News of the Week - January 19, 2015


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News of the Week - January 19, 2015



Today we honor Martin Luther King, Jr. and the civil rights movement he embodied. To get the news of the week started, here is a link to the full video recording of the I Have a Dream speech given on March 28, 1963 in Washington D.C. You can also visit any national park for free today.

2014 Was the Hottest Year on Record

Continuing a recent trend, NOAA confirmed that weather data from 2014 shows it was the hottest year on record. All 10 of the hottest years have occurred since 1998. It was also the second hottest year on record for Oregon and the fifth for Washington.

Climbers Scale El Cap's Dawn Wall (PHOTOS)

Tommy Caldwell and Kevin Jorgeson completed the historic climb of the 3,000 Dawn Wall on El Capitan. The rock face in Yosemite Valley was once considered impossible to free climb. The climbers, along with members of the media and their support team, captured these incredible images showing their progress on the way to the accomplishment.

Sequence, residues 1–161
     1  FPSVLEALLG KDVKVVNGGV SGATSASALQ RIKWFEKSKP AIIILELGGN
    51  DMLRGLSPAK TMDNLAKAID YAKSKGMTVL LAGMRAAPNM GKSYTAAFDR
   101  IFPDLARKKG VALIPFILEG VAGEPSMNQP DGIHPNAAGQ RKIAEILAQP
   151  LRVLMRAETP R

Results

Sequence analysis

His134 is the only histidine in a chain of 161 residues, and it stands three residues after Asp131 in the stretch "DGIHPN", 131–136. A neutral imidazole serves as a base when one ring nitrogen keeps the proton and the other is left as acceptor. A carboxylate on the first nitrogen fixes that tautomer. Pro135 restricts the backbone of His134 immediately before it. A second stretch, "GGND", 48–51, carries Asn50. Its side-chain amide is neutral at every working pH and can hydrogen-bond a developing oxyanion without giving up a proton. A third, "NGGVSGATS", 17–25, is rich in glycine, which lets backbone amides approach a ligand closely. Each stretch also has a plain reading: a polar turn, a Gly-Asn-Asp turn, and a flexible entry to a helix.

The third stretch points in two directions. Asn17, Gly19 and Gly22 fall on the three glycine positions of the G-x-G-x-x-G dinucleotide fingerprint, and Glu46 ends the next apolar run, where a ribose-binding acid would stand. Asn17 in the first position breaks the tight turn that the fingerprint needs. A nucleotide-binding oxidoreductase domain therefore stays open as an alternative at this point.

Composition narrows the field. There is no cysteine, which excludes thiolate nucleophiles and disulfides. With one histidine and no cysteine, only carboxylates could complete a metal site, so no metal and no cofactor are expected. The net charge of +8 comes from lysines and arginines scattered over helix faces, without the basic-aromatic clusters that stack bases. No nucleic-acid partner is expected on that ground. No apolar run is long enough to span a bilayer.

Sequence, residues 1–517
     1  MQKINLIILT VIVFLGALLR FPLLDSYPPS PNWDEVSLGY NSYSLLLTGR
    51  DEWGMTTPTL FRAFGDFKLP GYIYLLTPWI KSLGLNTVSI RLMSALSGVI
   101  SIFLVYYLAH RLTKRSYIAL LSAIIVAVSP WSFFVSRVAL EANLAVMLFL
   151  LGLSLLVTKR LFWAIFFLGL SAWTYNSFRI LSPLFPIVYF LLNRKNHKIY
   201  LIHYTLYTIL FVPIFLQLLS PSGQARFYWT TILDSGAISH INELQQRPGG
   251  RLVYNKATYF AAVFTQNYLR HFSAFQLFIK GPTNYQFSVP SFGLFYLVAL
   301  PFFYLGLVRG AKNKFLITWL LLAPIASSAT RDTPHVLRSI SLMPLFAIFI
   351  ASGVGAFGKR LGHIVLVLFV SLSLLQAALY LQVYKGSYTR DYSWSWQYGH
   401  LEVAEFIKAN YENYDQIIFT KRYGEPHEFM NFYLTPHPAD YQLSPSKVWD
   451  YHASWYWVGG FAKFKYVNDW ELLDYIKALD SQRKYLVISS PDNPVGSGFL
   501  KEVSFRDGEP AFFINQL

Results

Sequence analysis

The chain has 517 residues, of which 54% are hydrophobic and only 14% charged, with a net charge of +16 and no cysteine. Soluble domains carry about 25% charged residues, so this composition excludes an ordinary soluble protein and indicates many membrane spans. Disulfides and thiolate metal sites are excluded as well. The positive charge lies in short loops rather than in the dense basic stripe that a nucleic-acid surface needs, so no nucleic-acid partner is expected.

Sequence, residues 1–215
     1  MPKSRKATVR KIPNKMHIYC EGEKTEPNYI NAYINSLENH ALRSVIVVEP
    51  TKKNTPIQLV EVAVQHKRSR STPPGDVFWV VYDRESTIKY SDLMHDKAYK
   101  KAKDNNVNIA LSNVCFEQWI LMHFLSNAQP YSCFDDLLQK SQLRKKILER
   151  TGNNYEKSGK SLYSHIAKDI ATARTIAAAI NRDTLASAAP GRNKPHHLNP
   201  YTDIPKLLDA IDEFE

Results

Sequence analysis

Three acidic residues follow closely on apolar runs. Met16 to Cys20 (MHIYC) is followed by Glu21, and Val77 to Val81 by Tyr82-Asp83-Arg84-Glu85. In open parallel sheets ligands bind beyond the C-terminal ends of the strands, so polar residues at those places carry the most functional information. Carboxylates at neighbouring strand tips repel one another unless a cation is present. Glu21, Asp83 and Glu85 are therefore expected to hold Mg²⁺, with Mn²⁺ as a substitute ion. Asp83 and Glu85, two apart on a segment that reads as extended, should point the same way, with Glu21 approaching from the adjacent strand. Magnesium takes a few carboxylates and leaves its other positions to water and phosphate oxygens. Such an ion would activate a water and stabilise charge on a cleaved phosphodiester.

New Wolf Roaming in Southern Oregon

Wildlife officials have confirmed that another wolf has been found roaming in the area of OR-7 and his newly designated pack in Southern Oregon. Wolf tracks have been found in near Klamath Falls, and a motion-triggered camera caught a partial photo of the wolf. The sighting gives conservationists more reason to be optimistic about wolf recovery in Oregon.

Plan to Save Monarch Butterflies Backfires

Monarch butterflies need milkweed to breed, but due to pesticide applications the availability of the plant has been in steep decline. To make up for the loss, gardeners have been planting milkweed in their gardens. However, it turns out the only species of milkweed available in the U.S. also exposes the butterflies to a harmful parasite, disrupting the conservation effort.

Radiation from Fukushima has Reached North America's West Coast

Scientists have been tracking the movement of radiation released by the disaster at Fukushima, Japan in 2011. It took just over 2 years for the radioactive plume to cross the Pacific Ocean. The concentrations of radiation reaching North America are well below levels considered hazardous and are not expected to reach dangerous levels.

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